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Dr. Darrell White's Personal Blog

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CrossFit in the Crosshairs: A Physician and Athlete Comments

It’s really incredible what’s been said about our CrossFit on the information highways this week. The amount of opinion masquerading as fact-based advice is off the charts. Anyone’s who’s been around CrossFit for more than 2 years will realize that it’s just that part of the cycle, that time when CrossFit has reached another Tipping Point size-wise and has therefore come to the attention of another outwardly spiraling circle of “experts.” Trust me, it’s Groundhog Day in the gym, so to speak.

This is a wonderful opportunity to take a moment to reflect upon what CrossFit actually is, what it is not, and for whom CrossFit is appropriate. Let’s start with the last and work forward. CrossFit is appropriate for almost everyone. The group for whom it may not be really the best option is actually counter-intuitive: elite single sport athletes in highly skilled endeavors. Waaaiiiit at minute here, you might be saying. The highest-skilled elite athletes may NOT be the best CrossFit candidates, but the great unwashed masses of the obese, unfit, ¬†and unhealthy ARE?! You bet, Bucky. That’s exactly what I’m saying. The .01% probably need to spend 100% of their time on their specialty, SPP or Specialty Physical Preparedness; CrossFit is GPP, General Physical Preparedness.

CrossFit is for the other 99.9%.

Why? How can that be? Well, that runs into what CrossFit is not, namely a dangerous, hyper-intense program that has a high injury rate, something too over-the-top for “regular” folks. Uh, uh. The real “dirty little secret” of CrossFit (if I may crib a rather recently famous phrase) is that scaling the stimulus and subbing in favor of more approachable movements is decidedly the norm in almost every setting where CrossFit is done. Technique. Then consistency. Then, and only then, intensity. Says so everywhere. Are there small pockets of CrossFit or CrossFitters who jump the gun and go straight to intensity? Sure. But that is hardly an indictment of the program, especially since the program and the company incessantly beat the drum: technique, then consistency, and only then intensity. The injury rate in CrossFit, if anyone cared to ask, is actually quite low, especially when you compare it with, say, running, where something ridiculous like 90% of runners suffer a running-related injury every year.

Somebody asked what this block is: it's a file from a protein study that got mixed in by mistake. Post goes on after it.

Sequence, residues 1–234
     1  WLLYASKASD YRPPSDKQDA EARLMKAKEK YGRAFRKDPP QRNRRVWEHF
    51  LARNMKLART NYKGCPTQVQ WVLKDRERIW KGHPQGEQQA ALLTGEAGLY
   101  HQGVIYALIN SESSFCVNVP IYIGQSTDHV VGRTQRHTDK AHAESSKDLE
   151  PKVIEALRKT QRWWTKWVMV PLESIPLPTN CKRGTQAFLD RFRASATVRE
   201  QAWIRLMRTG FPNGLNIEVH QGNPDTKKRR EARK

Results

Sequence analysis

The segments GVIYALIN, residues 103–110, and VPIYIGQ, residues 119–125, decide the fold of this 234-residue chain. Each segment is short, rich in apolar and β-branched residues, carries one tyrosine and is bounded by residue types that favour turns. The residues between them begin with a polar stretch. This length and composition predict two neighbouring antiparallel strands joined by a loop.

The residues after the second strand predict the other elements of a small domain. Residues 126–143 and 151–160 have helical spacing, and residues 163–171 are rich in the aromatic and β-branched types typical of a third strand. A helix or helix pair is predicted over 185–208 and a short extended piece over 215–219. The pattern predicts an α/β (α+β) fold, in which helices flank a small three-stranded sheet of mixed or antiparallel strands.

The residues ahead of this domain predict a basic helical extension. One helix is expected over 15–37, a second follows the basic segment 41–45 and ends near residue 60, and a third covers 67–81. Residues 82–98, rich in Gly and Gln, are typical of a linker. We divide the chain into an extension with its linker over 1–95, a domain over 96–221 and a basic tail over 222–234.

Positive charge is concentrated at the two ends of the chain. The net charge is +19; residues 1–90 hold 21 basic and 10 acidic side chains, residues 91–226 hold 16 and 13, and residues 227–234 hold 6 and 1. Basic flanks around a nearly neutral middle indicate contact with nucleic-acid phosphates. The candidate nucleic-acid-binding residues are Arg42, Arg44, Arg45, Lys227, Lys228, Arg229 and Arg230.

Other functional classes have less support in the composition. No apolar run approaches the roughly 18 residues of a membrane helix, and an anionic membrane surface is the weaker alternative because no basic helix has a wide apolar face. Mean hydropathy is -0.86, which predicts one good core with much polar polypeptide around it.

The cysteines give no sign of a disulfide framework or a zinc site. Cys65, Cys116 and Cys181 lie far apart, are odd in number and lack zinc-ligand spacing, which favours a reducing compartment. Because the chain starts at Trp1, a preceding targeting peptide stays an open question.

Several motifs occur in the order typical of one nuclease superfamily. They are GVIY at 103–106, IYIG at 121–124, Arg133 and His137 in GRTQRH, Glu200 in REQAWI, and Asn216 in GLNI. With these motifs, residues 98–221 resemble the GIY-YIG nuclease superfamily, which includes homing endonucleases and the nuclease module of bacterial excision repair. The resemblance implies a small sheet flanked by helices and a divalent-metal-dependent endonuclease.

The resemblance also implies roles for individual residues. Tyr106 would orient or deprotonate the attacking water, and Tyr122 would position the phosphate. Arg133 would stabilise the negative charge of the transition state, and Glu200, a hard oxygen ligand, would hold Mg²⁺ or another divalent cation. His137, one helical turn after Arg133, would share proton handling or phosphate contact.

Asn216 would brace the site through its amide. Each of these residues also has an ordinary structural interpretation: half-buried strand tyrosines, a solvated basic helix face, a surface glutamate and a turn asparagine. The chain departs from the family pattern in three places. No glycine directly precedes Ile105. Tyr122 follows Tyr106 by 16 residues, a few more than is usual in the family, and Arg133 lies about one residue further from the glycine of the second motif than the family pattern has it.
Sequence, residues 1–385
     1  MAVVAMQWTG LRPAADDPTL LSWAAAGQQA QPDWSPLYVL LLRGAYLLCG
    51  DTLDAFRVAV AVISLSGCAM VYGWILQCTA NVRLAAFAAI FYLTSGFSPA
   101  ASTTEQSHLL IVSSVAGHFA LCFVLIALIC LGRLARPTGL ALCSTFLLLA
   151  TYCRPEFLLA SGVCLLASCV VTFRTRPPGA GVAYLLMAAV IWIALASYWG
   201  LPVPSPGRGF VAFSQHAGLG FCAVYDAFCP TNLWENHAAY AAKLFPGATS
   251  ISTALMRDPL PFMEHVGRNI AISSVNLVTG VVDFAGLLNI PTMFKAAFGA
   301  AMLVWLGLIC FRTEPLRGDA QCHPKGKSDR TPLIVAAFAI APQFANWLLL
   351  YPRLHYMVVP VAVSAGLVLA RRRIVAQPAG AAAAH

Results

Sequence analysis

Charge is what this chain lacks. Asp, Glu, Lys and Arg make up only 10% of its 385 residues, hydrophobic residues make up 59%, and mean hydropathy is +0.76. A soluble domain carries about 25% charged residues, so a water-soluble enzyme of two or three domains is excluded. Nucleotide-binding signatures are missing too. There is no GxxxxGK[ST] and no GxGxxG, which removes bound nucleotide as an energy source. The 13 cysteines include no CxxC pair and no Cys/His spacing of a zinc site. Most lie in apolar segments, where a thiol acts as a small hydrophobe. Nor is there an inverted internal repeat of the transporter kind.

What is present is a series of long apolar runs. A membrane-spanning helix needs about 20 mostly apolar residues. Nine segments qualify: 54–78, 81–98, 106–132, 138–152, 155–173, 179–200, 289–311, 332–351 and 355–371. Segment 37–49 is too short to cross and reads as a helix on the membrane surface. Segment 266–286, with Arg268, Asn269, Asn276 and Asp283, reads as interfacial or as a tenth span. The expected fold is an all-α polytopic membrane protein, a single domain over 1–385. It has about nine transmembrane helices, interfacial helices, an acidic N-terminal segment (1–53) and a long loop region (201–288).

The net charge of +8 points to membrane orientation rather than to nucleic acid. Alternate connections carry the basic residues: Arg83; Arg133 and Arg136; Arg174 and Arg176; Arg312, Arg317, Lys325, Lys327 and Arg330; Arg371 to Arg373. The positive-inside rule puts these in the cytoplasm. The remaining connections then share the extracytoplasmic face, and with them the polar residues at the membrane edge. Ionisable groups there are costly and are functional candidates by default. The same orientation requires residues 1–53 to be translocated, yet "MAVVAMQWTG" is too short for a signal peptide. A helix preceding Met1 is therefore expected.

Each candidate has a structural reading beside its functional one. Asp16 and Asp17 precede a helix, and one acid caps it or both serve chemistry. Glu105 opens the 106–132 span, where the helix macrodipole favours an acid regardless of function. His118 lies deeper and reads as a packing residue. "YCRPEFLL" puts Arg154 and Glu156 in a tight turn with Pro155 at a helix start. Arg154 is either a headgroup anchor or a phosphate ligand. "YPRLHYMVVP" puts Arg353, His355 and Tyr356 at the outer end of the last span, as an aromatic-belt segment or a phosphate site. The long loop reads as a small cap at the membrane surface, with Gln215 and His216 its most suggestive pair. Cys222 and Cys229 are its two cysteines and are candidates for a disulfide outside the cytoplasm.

Which brings me to what it is that CrossFit can actually be said to be: the solution to the adverse effects of overabundance. A viable answer to the problems created by an unhealthy population. While the CrossFit Games have been an incredibly effective PR vehicle for the CrossFit Affiliates (which is also true, paradoxically, of all this silliness on the web right now!), they have confused a vocal segment of the opinionators about CrossFit and CrossFitters. Peek through the door of any CF Box and guess at who’s inside. Here’s a tip: it ain’t Jason and Miranda! It is, however, everyone else. What do you think they will be caught doing? Again, likely not what Jason and Miranda are doing that day! They will rather be doing approximately an hour’s worth of work, some of it skill-based, some of it directed toward some hole in their fitness, and almost certainly culminating in something that we would all recognize as a WOD. Look very closely, though, because if you do you will also see that there will be many subtle variations of that particular WOD going on, maybe as many subtle scalings as there are CrossFitters in the gym.

CrossFit is a highly customizable system built on the core principles elucidated in the Classic CrossFit Journal Issue no.2, “What is Fitness”, for which there is a link on the left side of the Main Page of CrossFit.com. A prescription for not only fitness but also health that includes a universally scalable program of exercise (with scaling options also offered under the “Start Here” tab on CrossFit.com) in combination with an easily followed guideline for nutrition, all geared to produce incremental and sustainable gains in 10 very specific physical domains. Following this “prescription” results in health, and when we combine this individual health with the wonders of the communities that have grown out of gatherings of CrossFitters we end up with something that could be called Wellness.

None of this is new. Nothing I’ve said here is unique or original. It does bear repeating, though, because you might be relatively new, and this latest round of “CrossFit is dangerous” or “CrossFit is only for people like Jason and Miranda” might actually be your first rodeo. It’s OK. Relax. It’s still technique, then consistency, and only then intensity. It’s still eat to support performance in the gym but not production of fat. Still learn and play new games. It’s still CrossFit.

CrossFit is still the answer.